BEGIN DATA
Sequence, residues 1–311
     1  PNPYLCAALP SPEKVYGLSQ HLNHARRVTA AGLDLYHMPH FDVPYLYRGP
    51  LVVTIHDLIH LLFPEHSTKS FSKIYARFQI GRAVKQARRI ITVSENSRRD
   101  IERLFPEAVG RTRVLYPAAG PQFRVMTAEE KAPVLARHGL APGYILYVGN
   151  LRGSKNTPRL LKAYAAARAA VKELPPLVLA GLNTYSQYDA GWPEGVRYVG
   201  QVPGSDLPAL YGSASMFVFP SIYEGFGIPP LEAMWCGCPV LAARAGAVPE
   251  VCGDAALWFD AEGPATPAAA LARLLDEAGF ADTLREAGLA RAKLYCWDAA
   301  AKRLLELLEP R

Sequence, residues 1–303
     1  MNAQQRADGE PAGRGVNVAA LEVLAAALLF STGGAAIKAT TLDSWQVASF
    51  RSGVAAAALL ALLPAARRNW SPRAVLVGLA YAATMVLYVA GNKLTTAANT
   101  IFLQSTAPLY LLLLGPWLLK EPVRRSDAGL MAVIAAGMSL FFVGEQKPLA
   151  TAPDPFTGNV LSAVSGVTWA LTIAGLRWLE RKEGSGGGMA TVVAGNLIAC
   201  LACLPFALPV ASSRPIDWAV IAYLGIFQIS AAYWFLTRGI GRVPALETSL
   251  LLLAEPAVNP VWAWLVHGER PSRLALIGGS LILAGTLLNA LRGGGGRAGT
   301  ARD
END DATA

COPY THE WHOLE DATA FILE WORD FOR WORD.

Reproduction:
Sequence, residues 1–311
     1  PNPYLCAALP SPEKVYGLSQ HLNHARRVTA AGLDLYHMPH FDVPYLYRGP
    51  LVVTIHDLIH LLFPEHSTKS FSKIYARFQI GRAVKQARRI ITVSENSRRD
   101  IERLFPEAVG RTRVLYPAAG PQFRVMTAEE KAPVLARHGL APGYILYVGN
   151  LRGSKNTPRL LKAYAAARAA VKELPPLVLA GLNTYSQYDA GWPEGVRYVG
   201  QVPGSDLPAL YGSASMFVFP SIYEGFGIPP LEAMWCGCPV LAARAGAVPE
   251  VCGDAALWFD AEGPATPAAA LARLLDEAGF ADTLREAGLA RAKLYCWDAA
   301  AKRLLELLEP R

Sequence, residues 1–303
     1  MNAQQRADGE PAGRGVNVAA LEVLAAALLF STGGAAIKAT TLDSWQVASF
    51  RSGVAAAALL ALLPAARRNW SPRAVLVGLA YAATMVLYVA GNKLTTAANT
   101  IFLQSTAPLY LLLLGPWLLK EPVRRSDAGL MAVIAAGMSL FFVGEQKPLA
   151  TAPDPFTGNV LSAVSGVTWA LTIAGLRWLE RKEGSGGGMA TVVAGNLIAC
   201  LACLPFALPV ASSRPIDWAV IAYLGIFQIS AAYWFLTRGI GRVPALETSL
   251  LLLAEPAVNP VWAWLVHGER PSRLALIGGS LILAGTLLNA LRGGGGRAGT
   301  ARD